Motivos para aplicar e-learning na sua empresa (Parte 1 de 5)

1.822 visualizações

Publicada em

Esta apresentação faz parte dos "Cinco Motivos para Aplicar o e-Learning em sua Empresa", ainda em desenvolvimento.

Nesta primeira parte, apresento o e-learning como ferramenta capaz de reduzir drasticamente os custos com aplicação de treinamentos corporativos.

Publicada em: Educação
0 comentários
1 gostou
Estatísticas
Notas
  • Seja o primeiro a comentar

Sem downloads
Visualizações
Visualizações totais
1.822
No SlideShare
0
A partir de incorporações
0
Número de incorporações
521
Ações
Compartilhamentos
0
Downloads
13
Comentários
0
Gostaram
1
Incorporações 0
Nenhuma incorporação

Nenhuma nota no slide
  • “ Precisamos cortar despesas” The new economic realities mean that every manager up and down your organisation is going to have to fight to spend money on anything. You can expect e-learning to come under as much scrutiny as the next line item. It pays to be prepared. If you’re responsible for commissioning e-learning or running an internal team, be ready to fight the good fight. For this insight, let’s concentrate on the cost savings from e-learning, compared to instructor led alternatives. Here are a few bullets to have ready when someone comes asking why we should spend on e-learning. 1. Travel costs = zero May as well start with the no-brainer. Many organisations are currently putting a lockdown on all travel for employees, while still expecting training deliver to persist. This plays very well to e-learning, as it has no travel cost. I f you want to argue the benefits for e-learning, start there. With increasing numbers of home workers, bear in mind that their travel costs can also be reduced as they don’t need to get into an office for training events. It helps to have a few stats to support this: Dow Chemical reduced average spending of $95 per learner / per course on classroom training, to only $11 per learner / per course with electronic delivery, giving rise to an annual saving of $34 million (Shepherd, 2002). 2. Marginal cost of delivery = zero The cost of e-learning is all in the production. There’s no marginal cost of delivery – rolling our e-learning to 100 or 10,000 learners costs the same, assuming you’re not producing thousands of CD ROMS (and if you are – we assume you are also still listening to tapes in your ghettoblaster to score double retro points). No classrooms, no additional trainer costs, no lunches – and binders. Nice for your CFO – and the environment, lest we forget. 3. Learner time is better spent E-learning is generally shorter than classroom training on the same subject by up to 25-60% (according to Brandon Hall, 2001 and Rosenberg 2001). Time is compressed in e-learning, as you don’t have all the logistics that come with the classroom: welcomes, introductions, setting up and winding up sessions, breaks and the like. Since the biggest cost of any training is learner time spend in training, this makes a big difference to the bottom line. Need an example? Ernst & Young cut training costs 35 percent while improving consistency and scalability. They condensed about 2,900 hours of classroom training into 700 hours of web-based learning, 200 hours of distance learning and 500 hours of classroom instruction, a cut of 52 percent. (Brandon Hall, 2000). 4. It works for specialist content too Don’t think you have to be at the 1,000+ learners level before e-learning makes sense. The cost per hour of e-learning can be dramatically reduced by taking a rapid approach, using low-cost or open source tools, and taking on some tasks in-house. This means that even quite specialised areas which may have small audiences can still use e-learning and from a cost perspective come out better than they would with a classroom alternative. If in doubt, do the maths It’s not difficult to construct a side-by-side analysis of the cost of delivering one hour of e-learning vs an instructor led session (if you need help, ask us at Kineo). Prepare a simple spreadsheet showing what it costs for an hour of trainer time, learner time, travel costs, opportunity costs, material production, room rental and then scale it up to the size of your target audience. Compare it to e-learning’s upfront development costs. Even allowing for a small maintenance cost for e-learning, the business case for e-learning is nearly always going to win out – especially in a downturn. ==== here appears to be little argument that e-learning can be more cost effective to deliver than classroom based training, especially for larger organisations. There are a great many case studies including: Dow Chemical who reduced average spending of $95 per learner / per course on classroom training, to only $11 per learner / per course with electronic delivery, giving rise to an annual saving of $34 million (Shepherd, 2002). Ernst & Young who cut training costs 35 percent while improving consistency and scalability. They condensed about 2,900 hours of classroom training into 700 hours of web-based learning, 200 hours of distance learning and 500 hours of classroom instruction, a cut of 52 percent. (Hall, 2000). In addition to lower delivery costs there is a strong argument that e-learning is more cost-effective because there is a reduction in training time known as learning compression. This is because the single largest cost of training in organisations is the cost of staff attending the training course, rather than the direct delivery costs in terms of trainers, course materials, travel and accommodation. E-learning can deliver benefits by reducing the time it takes to train people because: Learners can go at their own pace, not at the pace of the slowest member of a group Time in classrooms can be spent on questions / topics introduced by other delegates that are irrelevant to the needs of the individual learner There is less social interaction time It takes less time to start and wind up a learning session There is less travel time to and from a training event Learners learn what they need to learn, they can skip elements of a programme they don’t need According to Brandon Hall (2001) these factors can add up to an average compression (saving of learning time) of 35-45 percent when a course is taken out of the classroom and delivered as e-learning. Rosenberg (2001), argues e-learning ‘can take anywhere from 25 to 60 percent less time to convey the same amount of instruction or information as in a classroom.’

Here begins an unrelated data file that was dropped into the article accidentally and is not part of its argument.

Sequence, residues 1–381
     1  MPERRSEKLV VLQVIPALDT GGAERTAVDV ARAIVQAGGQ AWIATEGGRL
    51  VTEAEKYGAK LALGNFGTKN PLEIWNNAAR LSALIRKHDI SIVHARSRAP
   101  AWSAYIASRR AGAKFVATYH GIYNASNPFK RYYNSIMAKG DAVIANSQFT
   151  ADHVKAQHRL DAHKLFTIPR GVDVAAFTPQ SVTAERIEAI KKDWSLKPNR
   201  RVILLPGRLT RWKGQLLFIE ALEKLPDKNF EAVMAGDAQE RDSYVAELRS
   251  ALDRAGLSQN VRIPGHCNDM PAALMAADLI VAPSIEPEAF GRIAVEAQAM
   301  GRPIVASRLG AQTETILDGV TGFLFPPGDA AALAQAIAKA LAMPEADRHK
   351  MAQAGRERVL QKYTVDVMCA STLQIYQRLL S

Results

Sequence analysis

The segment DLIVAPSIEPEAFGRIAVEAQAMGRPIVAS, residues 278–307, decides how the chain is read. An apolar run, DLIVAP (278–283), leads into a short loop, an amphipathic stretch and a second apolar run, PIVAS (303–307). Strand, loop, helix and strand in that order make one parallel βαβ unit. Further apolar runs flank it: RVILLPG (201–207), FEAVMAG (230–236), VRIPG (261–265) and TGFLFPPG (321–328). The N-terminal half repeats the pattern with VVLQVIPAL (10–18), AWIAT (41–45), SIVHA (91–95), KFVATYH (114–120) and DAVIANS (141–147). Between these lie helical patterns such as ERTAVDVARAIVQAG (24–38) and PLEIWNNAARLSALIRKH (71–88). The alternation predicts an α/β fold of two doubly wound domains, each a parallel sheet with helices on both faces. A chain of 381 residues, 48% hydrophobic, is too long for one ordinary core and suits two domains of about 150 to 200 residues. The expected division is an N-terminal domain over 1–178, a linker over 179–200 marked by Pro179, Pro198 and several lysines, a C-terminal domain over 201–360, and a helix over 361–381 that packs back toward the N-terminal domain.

• Motivos para aplicar e-learning na sua empresa (Parte 1 de 5)

    1. 1. Motivos para aplicar e-learning na sua empresa Parte 1 de 5
    2. 2. 1 O e-learning custa menos tempo e dinheiro
    3. 3. A nova economia mundial requer contenção de custos e aumento da eficiência...
    4. 4. A nova economia mundial requer contenção de custos e aumento da eficiência... Em treinamentos , isso significa ensinar mais, com menos recursos. Mas como?
    5. 5. Os treinamentos presenciais demandam diversos custos, como: Transporte Hospedagens Locações Coffee -breaks Material didático
    6. 6. ...além do tempo investido em: Traslados Atrasos Locações Intervalos Apresentações
    7. 7. Em tempos de crise, a área de capacitação é um alvo fácil:
    8. 8. Por outro lado, o e-Learning alcança o aluno no seu local de trabalho , tudo isso evita...
    9. 9. ...despesas de viagem... Transporte Hospedagens Locações Coffee -breaks Material didático
    10. 10. Transporte Hospedagens Locações Coffee -breaks Material didático ...despesas de viagem...
    11. 11. ...custos adicionais... Transporte Hospedagens Locações Coffee -breaks Material didático
    12. 12. Transporte Hospedagens Locações Coffee -breaks Material didático ...custos adicionais...
    13. 13. Traslados Atrasos Locações Intervalos Apresentações ... nem desperdício de tempo!
    14. 14. ... nem desperdício de tempo! Traslados Atrasos Locações Intervalos Apresentações
    15. 15. Com o e-learning, o aluno não pára o trabalho para ter a informação...
    16. 16. ...mas a informação alcança o aluno onde ele estiver.
    17. 17. Além disso, o e-Learning não possui despesas de aplicação, ou seja...
    18. 18. = ...ensinar 100 ou 10.000 funcionários tem o mesmo custo...
    19. 19. ...sendo que, quanto maior o público, menor o custo por aluno! $
    20. 20. Presencial e-Learning Veja um caso real: custo por aluno Dow Química (Fonte: Shepard 2002)
    21. 21. Percentual de redução de despesas Dow Química: 88% Economia gerada em um ano: US$ 24.000.000,00 (Fonte: Shepard 2002)
    22. 23. É isto o que veremos em breve...
    23. 24. 2 O e-learning ensina de verdade Em breve:

    ×